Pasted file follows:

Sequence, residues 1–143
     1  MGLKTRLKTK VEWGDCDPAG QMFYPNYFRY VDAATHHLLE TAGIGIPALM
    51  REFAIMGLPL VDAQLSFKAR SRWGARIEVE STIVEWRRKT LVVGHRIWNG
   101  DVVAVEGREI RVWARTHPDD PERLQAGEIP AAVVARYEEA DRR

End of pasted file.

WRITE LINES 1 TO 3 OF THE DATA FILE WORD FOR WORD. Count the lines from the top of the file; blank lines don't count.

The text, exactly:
Sequence, residues 1–143
     1  MGLKTRLKTK VEWGDCDPAG QMFYPNYFRY VDAATHHLLE TAGIGIPALM
    51  REFAIMGLPL VDAQLSFKAR SRWGARIEVE STIVEWRRKT LVVGHRIWNG